Steve has an infuriating tale about being targeted by the IRS because of his public criticism of the Obama administration. The blatant abuse of government power by this administration is an outrage and a disgrace. The migration of the “Chicago Way” to Washington DC is a story which is suppressed, and the victims are ridiculed and dismissed by the mainstream media, if they are mentioned at all.

    One of the best things I ever did was go to some early Chicago Tea Party events. I met many wonderful, patriotic people. Steve Tucker is one of the best.

    Posted in Health Care, Obama, Tea Party | 3 Comments »

    A Day at Ypres

    Posted by Michael Kennedy on 13th September 2015 (All posts by )

    We spent today at Ypres an the huge military cemeteries from the battles of the Ypres Salient.

    This was an early battle of WWI and the “first battle of Ypres” occurred at the end of “The Race to the Channel.” I have read a bit about the First World War but it really comes home when you are standing the place that consumed the British youth in 1914 to 1918. The First Battle ended the Race to the Sea and began the trench warfare of the next four years.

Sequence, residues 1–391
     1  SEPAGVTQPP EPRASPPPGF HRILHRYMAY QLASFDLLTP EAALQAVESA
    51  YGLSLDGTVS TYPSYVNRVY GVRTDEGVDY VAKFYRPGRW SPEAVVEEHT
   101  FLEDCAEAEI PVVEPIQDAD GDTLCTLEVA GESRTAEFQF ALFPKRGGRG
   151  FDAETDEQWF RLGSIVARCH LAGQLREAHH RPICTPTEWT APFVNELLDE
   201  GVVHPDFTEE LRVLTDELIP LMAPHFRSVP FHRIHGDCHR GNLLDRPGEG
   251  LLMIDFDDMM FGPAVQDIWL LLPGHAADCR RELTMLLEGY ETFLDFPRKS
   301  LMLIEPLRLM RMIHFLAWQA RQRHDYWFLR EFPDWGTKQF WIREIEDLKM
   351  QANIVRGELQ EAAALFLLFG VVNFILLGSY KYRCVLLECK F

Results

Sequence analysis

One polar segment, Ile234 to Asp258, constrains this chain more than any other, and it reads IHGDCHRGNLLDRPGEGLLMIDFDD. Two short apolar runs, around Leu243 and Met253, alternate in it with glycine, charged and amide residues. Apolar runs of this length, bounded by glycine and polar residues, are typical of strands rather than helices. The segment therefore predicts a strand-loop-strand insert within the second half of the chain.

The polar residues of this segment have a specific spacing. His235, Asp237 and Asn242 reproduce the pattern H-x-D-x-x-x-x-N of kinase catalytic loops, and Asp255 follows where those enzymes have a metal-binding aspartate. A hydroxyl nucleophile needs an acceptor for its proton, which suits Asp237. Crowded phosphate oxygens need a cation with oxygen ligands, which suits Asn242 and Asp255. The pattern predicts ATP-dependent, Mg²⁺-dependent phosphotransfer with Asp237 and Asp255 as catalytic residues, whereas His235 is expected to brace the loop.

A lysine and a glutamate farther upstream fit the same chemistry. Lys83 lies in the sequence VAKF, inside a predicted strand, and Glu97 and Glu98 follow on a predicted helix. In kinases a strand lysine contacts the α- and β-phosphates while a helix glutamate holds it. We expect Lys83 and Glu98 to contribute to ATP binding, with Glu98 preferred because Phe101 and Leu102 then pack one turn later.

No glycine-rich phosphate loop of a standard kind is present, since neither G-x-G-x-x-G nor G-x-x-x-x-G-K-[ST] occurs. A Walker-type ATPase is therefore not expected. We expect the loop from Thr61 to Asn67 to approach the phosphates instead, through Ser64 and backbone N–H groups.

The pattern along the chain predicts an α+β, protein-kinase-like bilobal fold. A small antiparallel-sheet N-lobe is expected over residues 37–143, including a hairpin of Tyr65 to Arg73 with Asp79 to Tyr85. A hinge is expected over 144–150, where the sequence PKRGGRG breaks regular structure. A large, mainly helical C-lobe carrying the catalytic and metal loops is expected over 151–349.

We visited the “Sanctuary Wood Museum today, and I took some photos of the trenches which were preserved all these years by then owner of the small cafe where we had a beer.

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    Ypres

    These trenches are the originals preserved by the property owner who probably has cleaned out debris over the years. The owners of the cafe are the children of the original owners of the property who preserved these relics. Their museum has many objects no doubt excavated from the fields around.

    Recent highway construction, which has now been suspended, has bodies buried in a trench during the war, which are preserved.

    The bodies of 21 German soldiers entombed in a perfectly preserved World War One shelter have been discovered 94 years after they were killed.